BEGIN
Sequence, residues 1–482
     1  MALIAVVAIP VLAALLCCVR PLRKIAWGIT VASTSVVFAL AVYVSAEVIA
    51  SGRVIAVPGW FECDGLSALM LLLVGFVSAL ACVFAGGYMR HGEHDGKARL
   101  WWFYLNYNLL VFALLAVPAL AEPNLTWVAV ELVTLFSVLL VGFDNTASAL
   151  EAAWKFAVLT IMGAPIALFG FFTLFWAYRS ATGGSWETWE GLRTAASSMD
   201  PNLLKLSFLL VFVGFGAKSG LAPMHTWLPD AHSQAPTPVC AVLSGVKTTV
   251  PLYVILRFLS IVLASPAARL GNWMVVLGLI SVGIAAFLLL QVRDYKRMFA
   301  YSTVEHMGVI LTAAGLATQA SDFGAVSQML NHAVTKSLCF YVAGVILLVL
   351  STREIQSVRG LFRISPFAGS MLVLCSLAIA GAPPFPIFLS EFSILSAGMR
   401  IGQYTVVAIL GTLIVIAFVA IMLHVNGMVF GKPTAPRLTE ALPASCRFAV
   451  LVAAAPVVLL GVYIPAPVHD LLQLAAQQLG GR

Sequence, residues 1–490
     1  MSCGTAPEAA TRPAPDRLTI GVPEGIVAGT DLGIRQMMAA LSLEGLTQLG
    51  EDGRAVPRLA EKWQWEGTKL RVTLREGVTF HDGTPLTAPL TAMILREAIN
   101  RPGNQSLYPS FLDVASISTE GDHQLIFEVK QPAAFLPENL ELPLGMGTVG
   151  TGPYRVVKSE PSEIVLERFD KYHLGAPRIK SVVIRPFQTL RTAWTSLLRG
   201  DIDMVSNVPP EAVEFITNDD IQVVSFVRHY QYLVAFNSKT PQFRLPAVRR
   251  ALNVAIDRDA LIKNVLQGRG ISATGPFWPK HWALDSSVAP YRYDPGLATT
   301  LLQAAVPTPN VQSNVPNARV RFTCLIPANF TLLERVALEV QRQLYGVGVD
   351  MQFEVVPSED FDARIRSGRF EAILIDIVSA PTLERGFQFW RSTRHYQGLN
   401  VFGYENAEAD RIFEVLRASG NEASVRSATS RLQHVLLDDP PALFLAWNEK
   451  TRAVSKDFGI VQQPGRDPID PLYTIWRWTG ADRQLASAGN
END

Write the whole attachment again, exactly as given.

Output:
Sequence, residues 1–482
     1  MALIAVVAIP VLAALLCCVR PLRKIAWGIT VASTSVVFAL AVYVSAEVIA
    51  SGRVIAVPGW FECDGLSALM LLLVGFVSAL ACVFAGGYMR HGEHDGKARL
   101  WWFYLNYNLL VFALLAVPAL AEPNLTWVAV ELVTLFSVLL VGFDNTASAL
   151  EAAWKFAVLT IMGAPIALFG FFTLFWAYRS ATGGSWETWE GLRTAASSMD
   201  PNLLKLSFLL VFVGFGAKSG LAPMHTWLPD AHSQAPTPVC AVLSGVKTTV
   251  PLYVILRFLS IVLASPAARL GNWMVVLGLI SVGIAAFLLL QVRDYKRMFA
   301  YSTVEHMGVI LTAAGLATQA SDFGAVSQML NHAVTKSLCF YVAGVILLVL
   351  STREIQSVRG LFRISPFAGS MLVLCSLAIA GAPPFPIFLS EFSILSAGMR
   401  IGQYTVVAIL GTLIVIAFVA IMLHVNGMVF GKPTAPRLTE ALPASCRFAV
   451  LVAAAPVVLL GVYIPAPVHD LLQLAAQQLG GR

Sequence, residues 1–490
     1  MSCGTAPEAA TRPAPDRLTI GVPEGIVAGT DLGIRQMMAA LSLEGLTQLG
    51  EDGRAVPRLA EKWQWEGTKL RVTLREGVTF HDGTPLTAPL TAMILREAIN
   101  RPGNQSLYPS FLDVASISTE GDHQLIFEVK QPAAFLPENL ELPLGMGTVG
   151  TGPYRVVKSE PSEIVLERFD KYHLGAPRIK SVVIRPFQTL RTAWTSLLRG
   201  DIDMVSNVPP EAVEFITNDD IQVVSFVRHY QYLVAFNSKT PQFRLPAVRR
   251  ALNVAIDRDA LIKNVLQGRG ISATGPFWPK HWALDSSVAP YRYDPGLATT
   301  LLQAAVPTPN VQSNVPNARV RFTCLIPANF TLLERVALEV QRQLYGVGVD
   351  MQFEVVPSED FDARIRSGRF EAILIDIVSA PTLERGFQFW RSTRHYQGLN
   401  VFGYENAEAD RIFEVLRASG NEASVRSATS RLQHVLLDDP PALFLAWNEK
   451  TRAVSKDFGI VQQPGRDPID PLYTIWRWTG ADRQLASAGN